The tech talent labor pool in Dallas-Fort Worth is making waves nationally. The sixth largest in the nation with 189,200 tech workers, it’s grown 16.3 percent from 2015, says CBRE’s annual “Scoring Tech Talent” report released today. Overall, all metrics included, DFW ranked 13th out of 50 U.S. and Canadian tech markets in the report.
Dallas’ favorable business climate and relatively low cost of living have been accelerating corporate relocations to the area.
“We’re currently working with several companies looking at relocating a significant presence to Dallas for the reasons outlined in the report,” said Clay Vaughn, SVP and senior leader of CBRE’s Tech & Media Practice Group in Dallas, in a statement. “In fact, among the locations one of our companies is evaluating, Dallas ranks the highest according to studies completed by our Labor Analytics Group.”
The top five markets for tech talent overall in 2020 were the San Francisco Bay Area, Seattle, Washington, D.C., Toronto, and New York City, the report showed. You can view the report here.
Tech-friendly from talent to taxes to living costs
Vaughn points to a host of reasons why tech companies are leaving higher-priced climes for Dallas-Fort Worth.
“With the market’s significant millennial population growth, availability of very good tech talent, favorable tax structure, and relative affordability of real estate on the residential and commercial side, Dallas is proving to be tough to beat,” Vaughn said.
DFW has the 12th lowest apartment rent-to-wage ratio among the top 50 tech talent markets, the study found. The average annual apartment rent here equals 14.2 percent of the average tech talent wage. Try that in San Francisco or New York and you’ll get laughed out of the condo lobby.
A fast-growing tech workforce for years to come
Another attraction the area offers: a growing millennial tech workforce.
“Dallas-Fort Worth has solidified its place high on CBRE’s Tech Talent list for the large size of its tech talent market and the number of tech graduates produced here. However, what is just as compelling is the rate of growth for our millennial tech workforce, ensuring companies can hire locally for many years,” said Jeffrey Eiting, first VP and co-leader of CBRE’s Tech & Media Practice Group in Dallas, in a statement.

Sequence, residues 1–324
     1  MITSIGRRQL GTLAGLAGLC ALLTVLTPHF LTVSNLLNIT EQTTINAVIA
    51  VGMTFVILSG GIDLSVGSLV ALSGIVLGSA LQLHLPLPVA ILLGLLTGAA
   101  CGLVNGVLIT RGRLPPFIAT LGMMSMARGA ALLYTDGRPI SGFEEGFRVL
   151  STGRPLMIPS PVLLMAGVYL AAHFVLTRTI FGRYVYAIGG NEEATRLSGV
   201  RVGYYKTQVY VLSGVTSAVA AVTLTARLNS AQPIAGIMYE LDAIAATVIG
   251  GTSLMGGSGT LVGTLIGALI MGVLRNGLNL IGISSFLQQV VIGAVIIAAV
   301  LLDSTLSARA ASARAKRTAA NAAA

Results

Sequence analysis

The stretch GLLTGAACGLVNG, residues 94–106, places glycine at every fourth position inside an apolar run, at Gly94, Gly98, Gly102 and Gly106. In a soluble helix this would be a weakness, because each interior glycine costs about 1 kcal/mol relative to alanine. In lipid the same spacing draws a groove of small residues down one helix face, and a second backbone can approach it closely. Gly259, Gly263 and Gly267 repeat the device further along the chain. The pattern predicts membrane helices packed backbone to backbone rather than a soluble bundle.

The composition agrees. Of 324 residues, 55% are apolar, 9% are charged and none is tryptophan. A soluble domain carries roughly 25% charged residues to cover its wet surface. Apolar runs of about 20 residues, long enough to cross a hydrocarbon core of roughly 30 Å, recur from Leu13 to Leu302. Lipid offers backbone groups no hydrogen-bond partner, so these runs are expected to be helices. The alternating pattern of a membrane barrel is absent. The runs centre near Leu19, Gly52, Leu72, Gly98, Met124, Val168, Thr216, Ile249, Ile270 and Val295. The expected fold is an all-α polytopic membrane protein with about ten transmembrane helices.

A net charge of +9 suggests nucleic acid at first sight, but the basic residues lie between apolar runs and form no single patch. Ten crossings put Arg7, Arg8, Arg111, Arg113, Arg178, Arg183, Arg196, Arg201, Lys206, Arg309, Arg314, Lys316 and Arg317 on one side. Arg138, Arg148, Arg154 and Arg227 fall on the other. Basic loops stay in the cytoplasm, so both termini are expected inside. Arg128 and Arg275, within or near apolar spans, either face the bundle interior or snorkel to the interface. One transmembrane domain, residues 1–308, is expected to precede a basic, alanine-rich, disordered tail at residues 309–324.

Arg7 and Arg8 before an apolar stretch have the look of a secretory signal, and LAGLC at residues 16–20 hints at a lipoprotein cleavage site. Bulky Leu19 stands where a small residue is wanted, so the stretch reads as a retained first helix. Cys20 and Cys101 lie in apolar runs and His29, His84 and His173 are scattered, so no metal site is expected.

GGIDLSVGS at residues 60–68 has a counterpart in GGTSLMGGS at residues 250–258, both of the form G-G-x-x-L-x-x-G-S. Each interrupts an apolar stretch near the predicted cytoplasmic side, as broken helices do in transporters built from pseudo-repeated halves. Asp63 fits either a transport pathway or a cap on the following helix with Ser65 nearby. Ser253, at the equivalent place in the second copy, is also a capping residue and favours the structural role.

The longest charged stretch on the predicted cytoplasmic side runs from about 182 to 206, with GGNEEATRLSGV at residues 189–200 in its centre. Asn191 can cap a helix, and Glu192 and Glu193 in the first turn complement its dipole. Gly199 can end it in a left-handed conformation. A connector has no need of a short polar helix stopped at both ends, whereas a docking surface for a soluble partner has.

“With our competitive annual operating costs, DFW provides a combination of quality and value that sets the region up well for continued growth,” Eiting added, “as companies continue moving to Texas and implementing work-from-home and hybrid office strategies that emphasize quality of life.”
Dallas-Fort Worth stood out in the CBRE report in several other areas as well:
- Millennials aged 23 to 38 increased by 14.7 percent (230,676 people) since 2015—the ninth largest millennial population growth among big tech talent markets.
- The region creates a lot of tech graduates, ranking ninth among big tech talent markets for its number of tech-degree completions (6,672) in 2019. DFW’s tech-graduation rate has outpaced its tech-job growth since 2015, causing a surplus of 4,130 tech grads that found work in other markets.
- DFW ranks in the middle of the pack when it comes to tech company operating expenses. The average one-year cost to operate a 500-employee tech company within 75,000 square feet in DFW comes in at $46.4 million—ranking it 15th most expensive among the top 50 tech talent markets.
U.S. tech talent weathered COVID well
One finding of the report was the U.S. tech market’s resilience in the face of the COVID pandemic. Tech occupations actually registered job growth of 0.8 percent in 2020, while non-tech jobs declined by 5.5 percent. The most in demand tech jobs last year? Software developers and programmers. 85,000 U.S. jobs were added to that category in 2020, a 4.8 percent growth rate from the year before.
Tech workers also expanded beyond the tech industry last year and into financial companies, professional and business services, and government.
About the report
CBRE’s “Scoring Tech Talent” report, now in its ninth year, ranks the top 50 North American markets by analyzing 13 measures of their ability to attract and develop tech talent. Key measures included tech graduation rates, tech-job concentration, tech labor pool size, and labor and real estate costs.
“Tech talent” is defined as 20 key tech professions, from software developers to systems and data managers, across all industries. Twenty-five additional North American tech talent markets were also analyzed in the report, along with 10 up-and-coming Latin American markets.
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